Home > Access Management, Security > An example for the need of Access Control and Governance

An example for the need of Access Control and Governance

There was an article on ZDNet yesterday, saying that the Scottish Borders Council was fined £250,000 for dumped pension records.

So what was happened: The Scottish Borders Council hired a third party to digitize pension records of former employees. (Hopefully) After digitizing those records would have been shredded if everything would have going well. But it didn’t. The records were dumped in an recycle bin like old newspapers. A citizen found those documents and informed the Police, which secured the documents and all contained data (as the article says there were salary and bank account data included within those records).

So in this case there were major faults done by the Scottish Borders Council:

  1. It seems like there were no agreement or part of the contract how the records would kept or shredded after digitizing them. So no one within the Scottish Borders Council was taking care if and how the records were handled or destroyed.
  2. While passing the records to a third party, the Scottish Borders Council still is legally responsible for all contained personal data within those records according to the Data Protection Act. This would have meant that there would have been a tracking of the records handling, digitalization and shredding or handing them back to the Scottish Borders Control Council for an separate process of destroying the records.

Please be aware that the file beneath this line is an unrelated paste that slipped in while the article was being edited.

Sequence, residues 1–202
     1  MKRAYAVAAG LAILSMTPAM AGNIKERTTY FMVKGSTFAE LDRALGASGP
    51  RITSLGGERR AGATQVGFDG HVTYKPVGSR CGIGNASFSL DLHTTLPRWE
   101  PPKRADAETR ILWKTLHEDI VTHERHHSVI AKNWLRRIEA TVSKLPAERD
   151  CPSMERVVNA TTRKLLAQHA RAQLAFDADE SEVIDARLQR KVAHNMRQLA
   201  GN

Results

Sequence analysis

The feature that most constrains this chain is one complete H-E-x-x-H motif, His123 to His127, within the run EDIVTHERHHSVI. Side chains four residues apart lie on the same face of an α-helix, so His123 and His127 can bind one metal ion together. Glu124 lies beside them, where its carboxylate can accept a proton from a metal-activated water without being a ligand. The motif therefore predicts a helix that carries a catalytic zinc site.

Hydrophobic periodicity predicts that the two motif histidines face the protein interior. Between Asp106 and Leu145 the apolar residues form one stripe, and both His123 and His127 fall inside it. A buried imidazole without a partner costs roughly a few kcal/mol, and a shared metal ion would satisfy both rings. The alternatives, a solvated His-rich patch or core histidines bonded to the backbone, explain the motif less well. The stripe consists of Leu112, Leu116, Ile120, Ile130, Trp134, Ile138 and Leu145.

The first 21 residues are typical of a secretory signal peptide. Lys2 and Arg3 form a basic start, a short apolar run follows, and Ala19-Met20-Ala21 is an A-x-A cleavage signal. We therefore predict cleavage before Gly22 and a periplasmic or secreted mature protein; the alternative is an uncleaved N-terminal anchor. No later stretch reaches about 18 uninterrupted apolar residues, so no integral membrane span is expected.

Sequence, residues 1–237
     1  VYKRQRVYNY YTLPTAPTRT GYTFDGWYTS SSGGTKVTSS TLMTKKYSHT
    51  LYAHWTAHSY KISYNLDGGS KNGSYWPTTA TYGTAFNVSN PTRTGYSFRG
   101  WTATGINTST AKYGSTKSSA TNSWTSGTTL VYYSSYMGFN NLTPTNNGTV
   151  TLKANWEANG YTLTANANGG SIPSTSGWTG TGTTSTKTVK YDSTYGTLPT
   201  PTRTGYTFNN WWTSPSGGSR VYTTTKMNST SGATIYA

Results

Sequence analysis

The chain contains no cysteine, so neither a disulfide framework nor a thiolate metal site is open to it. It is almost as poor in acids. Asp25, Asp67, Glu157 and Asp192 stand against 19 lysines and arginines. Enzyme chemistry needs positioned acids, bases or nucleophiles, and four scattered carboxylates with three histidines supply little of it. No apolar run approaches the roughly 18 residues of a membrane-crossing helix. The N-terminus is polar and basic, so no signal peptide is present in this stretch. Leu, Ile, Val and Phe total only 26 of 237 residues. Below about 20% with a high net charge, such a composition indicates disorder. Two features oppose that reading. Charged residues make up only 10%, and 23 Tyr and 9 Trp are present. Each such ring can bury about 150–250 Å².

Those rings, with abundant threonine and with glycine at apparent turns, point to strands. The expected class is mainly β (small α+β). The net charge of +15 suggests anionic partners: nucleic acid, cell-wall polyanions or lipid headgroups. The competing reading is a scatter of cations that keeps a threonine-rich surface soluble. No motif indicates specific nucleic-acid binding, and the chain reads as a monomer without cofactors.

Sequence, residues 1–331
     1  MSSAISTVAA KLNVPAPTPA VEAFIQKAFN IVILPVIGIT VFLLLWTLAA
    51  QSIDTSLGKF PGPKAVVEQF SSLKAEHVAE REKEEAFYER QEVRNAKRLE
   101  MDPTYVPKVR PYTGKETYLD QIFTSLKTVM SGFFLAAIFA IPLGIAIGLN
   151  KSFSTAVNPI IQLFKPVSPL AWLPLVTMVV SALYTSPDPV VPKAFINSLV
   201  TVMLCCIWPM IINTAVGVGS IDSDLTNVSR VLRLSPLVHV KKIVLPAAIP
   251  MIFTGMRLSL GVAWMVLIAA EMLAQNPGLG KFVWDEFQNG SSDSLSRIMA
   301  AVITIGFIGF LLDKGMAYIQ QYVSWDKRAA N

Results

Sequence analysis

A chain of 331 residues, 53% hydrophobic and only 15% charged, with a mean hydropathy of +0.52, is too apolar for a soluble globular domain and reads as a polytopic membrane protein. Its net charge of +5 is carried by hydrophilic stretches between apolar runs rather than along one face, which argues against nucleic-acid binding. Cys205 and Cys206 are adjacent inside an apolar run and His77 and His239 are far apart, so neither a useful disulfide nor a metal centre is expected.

Both issues are showing the lack of Access Control and Governance over those records. There was no check, if those records are still existing or if they are destroyed. With the responsibility according to the Data Protection Act, the Scottish Borders Council would have needed at least a certified proof of the data handling, process of digitalization as well as the process of handing those records back or shredding them in an appropriate way instead of just dumping them into a recycling bin. Within IT systems we would name that an complete Audit Trail, in the best case peppered with access recertification to ensure, that it’s ok that someone has access to somewhat.

So with the potential exposure of personal data to identity fraud £250,000 (currently a bit more that $400,000 or 310,000 €) those faults are pretty expensive in comparison to the minimal impact of avoiding them.

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